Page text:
Alan Travis writes in The Guardian:
Airline pilots are to become the first group to refuse to take part in the national identity scheme when compulsory trials start at Manchester and London City airports this autumn.
The British Airline Pilots’ Association (Balpa ), which represents more than 80% of commercial airline pilots, is to mount a legal challenge to Home Office plans to use “critical” airside workers as the first compulsory “guinea pigs” for the scheme.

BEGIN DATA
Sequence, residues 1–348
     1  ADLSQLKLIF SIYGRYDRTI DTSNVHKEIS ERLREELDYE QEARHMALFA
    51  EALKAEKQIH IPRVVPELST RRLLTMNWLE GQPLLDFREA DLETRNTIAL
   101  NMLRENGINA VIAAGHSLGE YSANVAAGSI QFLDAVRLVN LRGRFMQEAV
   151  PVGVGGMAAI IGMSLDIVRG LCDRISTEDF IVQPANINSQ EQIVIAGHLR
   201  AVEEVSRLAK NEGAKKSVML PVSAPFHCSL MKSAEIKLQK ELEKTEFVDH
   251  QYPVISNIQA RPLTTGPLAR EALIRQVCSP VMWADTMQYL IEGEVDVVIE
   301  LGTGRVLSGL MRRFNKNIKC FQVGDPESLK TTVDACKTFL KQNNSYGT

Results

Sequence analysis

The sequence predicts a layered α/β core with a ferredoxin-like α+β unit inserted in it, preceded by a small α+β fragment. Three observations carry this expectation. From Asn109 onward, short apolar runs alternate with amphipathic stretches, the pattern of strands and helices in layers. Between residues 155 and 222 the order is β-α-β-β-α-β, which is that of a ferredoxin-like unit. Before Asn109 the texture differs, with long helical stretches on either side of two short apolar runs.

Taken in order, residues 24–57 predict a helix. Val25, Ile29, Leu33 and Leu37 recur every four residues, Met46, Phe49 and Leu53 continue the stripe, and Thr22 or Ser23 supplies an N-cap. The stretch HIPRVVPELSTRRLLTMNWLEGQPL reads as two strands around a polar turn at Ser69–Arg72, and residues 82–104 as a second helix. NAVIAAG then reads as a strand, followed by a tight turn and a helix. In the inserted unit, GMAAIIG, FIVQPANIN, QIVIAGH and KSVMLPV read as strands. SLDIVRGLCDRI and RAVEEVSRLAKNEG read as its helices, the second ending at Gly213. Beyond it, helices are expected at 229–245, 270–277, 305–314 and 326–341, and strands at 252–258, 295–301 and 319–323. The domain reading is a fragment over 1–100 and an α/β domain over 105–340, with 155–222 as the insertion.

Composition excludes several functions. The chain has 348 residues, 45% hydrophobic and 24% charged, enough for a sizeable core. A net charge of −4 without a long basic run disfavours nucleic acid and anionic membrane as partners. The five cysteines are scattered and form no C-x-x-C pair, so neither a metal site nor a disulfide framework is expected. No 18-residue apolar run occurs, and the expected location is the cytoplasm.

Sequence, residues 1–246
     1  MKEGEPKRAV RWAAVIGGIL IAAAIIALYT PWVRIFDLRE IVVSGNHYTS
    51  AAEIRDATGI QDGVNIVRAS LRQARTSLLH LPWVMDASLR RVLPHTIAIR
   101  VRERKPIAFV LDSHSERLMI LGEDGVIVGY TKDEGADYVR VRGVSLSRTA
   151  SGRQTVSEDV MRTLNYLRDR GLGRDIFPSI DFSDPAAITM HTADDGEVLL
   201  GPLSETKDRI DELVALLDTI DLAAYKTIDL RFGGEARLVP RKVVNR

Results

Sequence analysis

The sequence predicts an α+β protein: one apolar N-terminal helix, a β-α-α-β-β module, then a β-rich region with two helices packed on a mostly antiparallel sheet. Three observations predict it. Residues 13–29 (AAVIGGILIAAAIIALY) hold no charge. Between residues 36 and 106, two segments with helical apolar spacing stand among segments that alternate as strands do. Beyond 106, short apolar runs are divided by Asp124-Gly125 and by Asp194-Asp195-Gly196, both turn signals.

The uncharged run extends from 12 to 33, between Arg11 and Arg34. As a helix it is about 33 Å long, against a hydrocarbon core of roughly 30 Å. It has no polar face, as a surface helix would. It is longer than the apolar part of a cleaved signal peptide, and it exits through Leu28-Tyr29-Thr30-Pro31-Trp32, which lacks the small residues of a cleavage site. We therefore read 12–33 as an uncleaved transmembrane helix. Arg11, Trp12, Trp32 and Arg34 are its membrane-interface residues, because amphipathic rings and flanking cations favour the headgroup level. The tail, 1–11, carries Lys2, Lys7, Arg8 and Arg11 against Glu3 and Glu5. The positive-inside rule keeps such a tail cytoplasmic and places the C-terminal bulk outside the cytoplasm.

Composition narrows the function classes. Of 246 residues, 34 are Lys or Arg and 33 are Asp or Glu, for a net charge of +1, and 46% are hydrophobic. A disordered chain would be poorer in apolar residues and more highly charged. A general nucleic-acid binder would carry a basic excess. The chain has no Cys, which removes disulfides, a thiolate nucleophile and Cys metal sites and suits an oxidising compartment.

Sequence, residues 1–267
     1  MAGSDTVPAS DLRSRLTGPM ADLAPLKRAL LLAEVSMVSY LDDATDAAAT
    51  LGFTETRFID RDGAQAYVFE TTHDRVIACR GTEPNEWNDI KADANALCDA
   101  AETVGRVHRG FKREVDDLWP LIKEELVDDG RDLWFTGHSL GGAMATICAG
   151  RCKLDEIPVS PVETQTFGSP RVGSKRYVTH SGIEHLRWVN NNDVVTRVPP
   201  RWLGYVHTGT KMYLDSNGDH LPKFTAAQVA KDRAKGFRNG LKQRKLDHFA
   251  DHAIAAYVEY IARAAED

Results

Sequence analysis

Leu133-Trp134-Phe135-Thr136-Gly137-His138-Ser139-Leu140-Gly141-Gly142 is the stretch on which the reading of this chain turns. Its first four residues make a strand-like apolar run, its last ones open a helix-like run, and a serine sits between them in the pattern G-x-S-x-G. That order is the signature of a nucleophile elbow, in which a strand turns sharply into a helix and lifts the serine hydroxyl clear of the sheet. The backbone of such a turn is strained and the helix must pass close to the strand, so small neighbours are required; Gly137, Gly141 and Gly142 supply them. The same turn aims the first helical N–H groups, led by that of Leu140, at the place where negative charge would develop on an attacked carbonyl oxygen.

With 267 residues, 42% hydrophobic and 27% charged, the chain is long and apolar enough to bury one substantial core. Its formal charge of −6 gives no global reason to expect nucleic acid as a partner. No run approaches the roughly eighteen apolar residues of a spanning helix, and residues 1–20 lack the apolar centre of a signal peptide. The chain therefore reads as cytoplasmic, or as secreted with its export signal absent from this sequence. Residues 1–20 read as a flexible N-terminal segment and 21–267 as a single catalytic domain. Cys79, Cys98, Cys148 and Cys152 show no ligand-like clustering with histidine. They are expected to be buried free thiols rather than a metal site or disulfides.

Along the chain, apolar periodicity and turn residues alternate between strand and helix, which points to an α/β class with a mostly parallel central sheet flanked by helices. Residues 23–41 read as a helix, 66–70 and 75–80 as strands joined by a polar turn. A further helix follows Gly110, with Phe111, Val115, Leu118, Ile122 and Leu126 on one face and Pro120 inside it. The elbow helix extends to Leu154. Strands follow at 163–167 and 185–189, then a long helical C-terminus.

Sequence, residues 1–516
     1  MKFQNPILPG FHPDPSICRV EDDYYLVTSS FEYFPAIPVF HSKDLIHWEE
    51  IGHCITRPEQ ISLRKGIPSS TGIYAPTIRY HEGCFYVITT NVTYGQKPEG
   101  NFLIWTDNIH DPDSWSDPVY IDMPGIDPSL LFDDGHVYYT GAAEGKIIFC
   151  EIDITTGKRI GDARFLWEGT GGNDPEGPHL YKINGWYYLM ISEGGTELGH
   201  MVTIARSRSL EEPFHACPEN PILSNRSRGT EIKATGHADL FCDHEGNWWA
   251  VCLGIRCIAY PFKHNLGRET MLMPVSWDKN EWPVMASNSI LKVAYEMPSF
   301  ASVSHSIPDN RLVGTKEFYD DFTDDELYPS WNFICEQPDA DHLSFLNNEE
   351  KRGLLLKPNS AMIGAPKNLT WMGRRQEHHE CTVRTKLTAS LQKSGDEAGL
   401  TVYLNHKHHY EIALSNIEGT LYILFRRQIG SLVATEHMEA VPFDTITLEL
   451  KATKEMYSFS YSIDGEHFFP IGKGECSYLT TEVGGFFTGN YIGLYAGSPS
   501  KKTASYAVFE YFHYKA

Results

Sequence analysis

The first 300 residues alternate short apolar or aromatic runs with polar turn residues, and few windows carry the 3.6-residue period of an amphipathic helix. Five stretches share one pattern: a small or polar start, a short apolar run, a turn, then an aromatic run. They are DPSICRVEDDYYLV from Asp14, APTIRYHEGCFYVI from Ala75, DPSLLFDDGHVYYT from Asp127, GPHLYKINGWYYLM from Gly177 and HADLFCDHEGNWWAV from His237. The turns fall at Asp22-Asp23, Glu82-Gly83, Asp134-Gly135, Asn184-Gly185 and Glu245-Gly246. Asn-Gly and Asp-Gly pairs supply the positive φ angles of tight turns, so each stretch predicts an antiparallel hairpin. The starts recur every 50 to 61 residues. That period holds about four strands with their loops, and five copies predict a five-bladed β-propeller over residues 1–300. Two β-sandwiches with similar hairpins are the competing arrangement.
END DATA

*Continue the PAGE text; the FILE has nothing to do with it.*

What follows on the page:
MPs are shortly to be asked to approve the powers to compel the pilots and other airside workers at the two airports to register for the national ID card scheme as part of their “pre-employment” checks. The £30 fee is to be waived as an incentive for them to sign up.
The pilots’ union has protested to ministers that the £18m scheme cannot be regarded as voluntary when they are being told they will not qualify for an “airside pass” without them: “ID cards will have absolutely no value as far as security is concerned. This is nothing other than coercion and promises that ID cards would be voluntary have been broken,” Jim McAuslan, Balpa general secretary, has told ministers. “We will resist.”